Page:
react: spreading children vs cloneelement

2020-09-04

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~4 min read

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621 words

I recently came across some code making use of the cloneElement function from React to pass along the children in the render function. Here’s a small example:

brokenButtonGroup.js
function Buttons(props) {
  const [selected, setSelected] = useState("None")
  return (
    <>
      <h2>The current selected item is {selected}</h2>
      {props.children}
    </>
  )
}

function App() {
  return (
    <Buttons>
      <button value="A">A</button>
      <button value="B">B</button>
      <button value="C">C</button>
    </Buttons>
  )
}

What’s the problem here? Well, setSelected is never called and the buttons don’t have an onClick! So, even while the buttons are clickable, the state is never set and as a result our current selected remains "None".

Two solutions jump out as feasible:

  1. Lift the state up to the App level and add the onClick to the buttons directly
  2. Somehow mutate the children components coming in and attach a click handler.

Lifting State

This is the solution I’m most comfortable with. Lifting the state up to the level of the App component and then managing it Buttons can become a dumb functional component.

managedButtonGroup.js
function Buttons(props) {
  return (
    <>
      <h2>The current selected item is {props.selected}</h2>
      {props.children}
    </>
  )
}

export default function App() {
  const [selected, setSelected] = useState("None")
  return (
    <Buttons selected={selected}>
      <button onClick={(e) => setSelected(e.target.value)} value="A">
        A
      </button>
      <button onClick={(e) => setSelected(e.target.value)} value="B">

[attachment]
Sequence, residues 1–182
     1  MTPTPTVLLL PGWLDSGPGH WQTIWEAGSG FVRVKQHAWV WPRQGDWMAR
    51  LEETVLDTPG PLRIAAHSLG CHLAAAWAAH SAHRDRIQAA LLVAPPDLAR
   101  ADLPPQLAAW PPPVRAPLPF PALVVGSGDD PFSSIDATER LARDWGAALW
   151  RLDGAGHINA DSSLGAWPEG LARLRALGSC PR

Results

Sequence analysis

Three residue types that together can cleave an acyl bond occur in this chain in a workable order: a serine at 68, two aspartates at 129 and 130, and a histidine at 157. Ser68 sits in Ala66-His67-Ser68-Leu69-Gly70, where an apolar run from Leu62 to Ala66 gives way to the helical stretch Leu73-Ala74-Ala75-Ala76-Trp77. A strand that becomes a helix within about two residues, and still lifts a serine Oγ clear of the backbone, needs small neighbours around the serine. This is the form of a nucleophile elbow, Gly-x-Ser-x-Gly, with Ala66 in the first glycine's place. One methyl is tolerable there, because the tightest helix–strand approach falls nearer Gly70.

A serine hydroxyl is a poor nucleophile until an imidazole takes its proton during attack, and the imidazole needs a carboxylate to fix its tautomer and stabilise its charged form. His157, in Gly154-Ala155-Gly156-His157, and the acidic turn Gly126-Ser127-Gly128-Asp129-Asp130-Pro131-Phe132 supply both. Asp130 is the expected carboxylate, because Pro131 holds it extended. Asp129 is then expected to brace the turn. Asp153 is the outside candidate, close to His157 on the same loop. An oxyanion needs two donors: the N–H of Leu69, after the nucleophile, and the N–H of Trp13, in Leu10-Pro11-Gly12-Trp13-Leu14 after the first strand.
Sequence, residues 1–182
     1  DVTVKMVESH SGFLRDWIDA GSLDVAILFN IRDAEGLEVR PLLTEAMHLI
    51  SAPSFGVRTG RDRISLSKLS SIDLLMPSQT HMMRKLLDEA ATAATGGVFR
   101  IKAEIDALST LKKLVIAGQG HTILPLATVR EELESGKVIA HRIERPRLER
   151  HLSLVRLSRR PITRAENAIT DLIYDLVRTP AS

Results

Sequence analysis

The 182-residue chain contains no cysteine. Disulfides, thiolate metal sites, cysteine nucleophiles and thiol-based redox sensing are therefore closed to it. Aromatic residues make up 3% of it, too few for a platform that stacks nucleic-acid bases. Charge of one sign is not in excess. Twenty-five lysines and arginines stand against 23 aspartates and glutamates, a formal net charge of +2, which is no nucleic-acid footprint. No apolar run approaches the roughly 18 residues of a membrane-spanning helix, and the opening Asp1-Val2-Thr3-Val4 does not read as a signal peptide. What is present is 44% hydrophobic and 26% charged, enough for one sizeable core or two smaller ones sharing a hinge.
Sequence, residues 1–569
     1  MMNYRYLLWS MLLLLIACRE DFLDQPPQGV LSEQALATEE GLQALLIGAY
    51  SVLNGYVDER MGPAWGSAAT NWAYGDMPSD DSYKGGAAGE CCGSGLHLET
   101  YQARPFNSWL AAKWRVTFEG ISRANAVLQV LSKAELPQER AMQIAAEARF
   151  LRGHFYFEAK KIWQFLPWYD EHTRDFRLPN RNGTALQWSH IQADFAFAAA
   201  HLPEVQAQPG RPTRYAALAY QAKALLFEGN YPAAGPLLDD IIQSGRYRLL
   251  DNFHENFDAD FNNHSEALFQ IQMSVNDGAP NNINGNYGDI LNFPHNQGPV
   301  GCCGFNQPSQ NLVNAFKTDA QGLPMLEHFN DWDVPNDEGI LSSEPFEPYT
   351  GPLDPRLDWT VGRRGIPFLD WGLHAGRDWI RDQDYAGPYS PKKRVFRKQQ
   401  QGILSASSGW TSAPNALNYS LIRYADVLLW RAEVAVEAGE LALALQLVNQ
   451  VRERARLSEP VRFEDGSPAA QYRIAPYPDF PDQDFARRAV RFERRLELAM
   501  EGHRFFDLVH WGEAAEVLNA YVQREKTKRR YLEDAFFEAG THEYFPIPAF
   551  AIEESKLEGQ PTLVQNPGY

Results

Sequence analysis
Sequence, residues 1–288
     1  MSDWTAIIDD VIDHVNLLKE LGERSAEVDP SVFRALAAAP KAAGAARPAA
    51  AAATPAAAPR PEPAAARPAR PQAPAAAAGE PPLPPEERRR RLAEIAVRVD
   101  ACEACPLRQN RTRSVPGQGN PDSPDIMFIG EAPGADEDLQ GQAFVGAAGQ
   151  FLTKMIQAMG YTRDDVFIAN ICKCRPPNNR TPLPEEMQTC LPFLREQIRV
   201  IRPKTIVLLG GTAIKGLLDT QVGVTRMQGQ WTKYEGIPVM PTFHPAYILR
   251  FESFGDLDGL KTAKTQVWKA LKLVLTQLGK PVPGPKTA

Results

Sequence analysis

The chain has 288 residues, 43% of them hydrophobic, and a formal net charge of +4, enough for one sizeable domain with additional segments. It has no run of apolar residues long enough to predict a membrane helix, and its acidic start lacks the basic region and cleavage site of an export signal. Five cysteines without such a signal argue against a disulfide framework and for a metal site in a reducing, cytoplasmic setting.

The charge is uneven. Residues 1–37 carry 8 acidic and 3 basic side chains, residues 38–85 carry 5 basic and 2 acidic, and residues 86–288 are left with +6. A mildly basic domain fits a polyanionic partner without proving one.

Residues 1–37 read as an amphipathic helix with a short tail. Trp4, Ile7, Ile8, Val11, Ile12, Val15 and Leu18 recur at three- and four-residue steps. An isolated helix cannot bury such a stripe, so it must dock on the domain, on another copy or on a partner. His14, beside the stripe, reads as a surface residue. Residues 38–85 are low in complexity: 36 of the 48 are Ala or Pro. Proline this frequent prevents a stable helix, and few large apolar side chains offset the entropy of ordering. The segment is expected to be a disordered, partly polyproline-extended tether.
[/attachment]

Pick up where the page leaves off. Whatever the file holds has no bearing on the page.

B
      </button>
      <button onClick={(e) => setSelected(e.target.value)} value="C">
        C
      </button>
    </Buttons>
  )
}

There are some drawbacks to this approach though:

  1. Most egregiously, the state is now managed in a component that otherwise has no concept of what “selected” means. There’s nothing about App that suggests that’s where I’d want to manage the props for Buttons.
  2. It leads to a lot of potential duplication - notice the click handlers are now copied three times - each repetition leads to a potential for a bug to creep in later when that handler changes.

Mutating Children

Instead of lifting the state, there’s an alternative approach - but it means no longer simply spreading the children props as in the original approach, but cloning them. This is necessary because as Joe Maddalone explains in his EggHead.io video, Use React.cloneElement to Extend Functionality of Children Components, ”props.children isn’t the actual children. It’s a descriptor of the children…”

Practically, then, we need to clone the descriptor into an actual component which we can then adjust accordingly.

clonedButtonGroup.js
function Buttons(props) {
  const [selected, setSelected] = useState("None")

  const buttons = props.children.map((child) =>
    React.cloneElement(child, {
      onClick: (event) => setSelected(event.target.value),
    }),
  )

  return (
    <>
      <h2>The current selected item is {selected}</h2>
      {buttons}
    </>
  )
}

export default function App() {
  return (
    <Buttons>
      <button value="A">A</button>
      <button value="B">B</button>
      <button value="C">C</button>
    </Buttons>
  )
}

In the above example, we took each child and mapped over the list appending an onClick prop to each.

It’s worth noting that this will break if you try to clone an element that’s not a valid React element (e.g., plain text). In that case, you may avoid this by using the isValidElement top level React API prior to mutation (similarly, you can add any other conditional checks as necessary):

clonedButtonGroupWithLogic.js
const buttons = props.children.map((child) => {
+    if (!React.isValidElement(child)) {
+        return child
+    }
    return React.cloneElement(child, {
        onClick: (event) => setSelected(event.target.value),
    })
})

Wrap Up

The cloneElement API is not something you’ll likely need to use every day. In fact, as I demonstrated, there’s almost always an alternative approach.

That said, what I like about cloneElement is how it clarifies the intent and allows related logic to stay together. One of my favorite features of working with React is that it enables the business logic of a component to be co-located with the markup. cloneElement is just one more tool in the toolbox for enabling that!


Hi there and thanks for reading! My name's Stephen. I live in Chicago with my wife, Kate, and dog, Finn. Want more? See about and get in touch!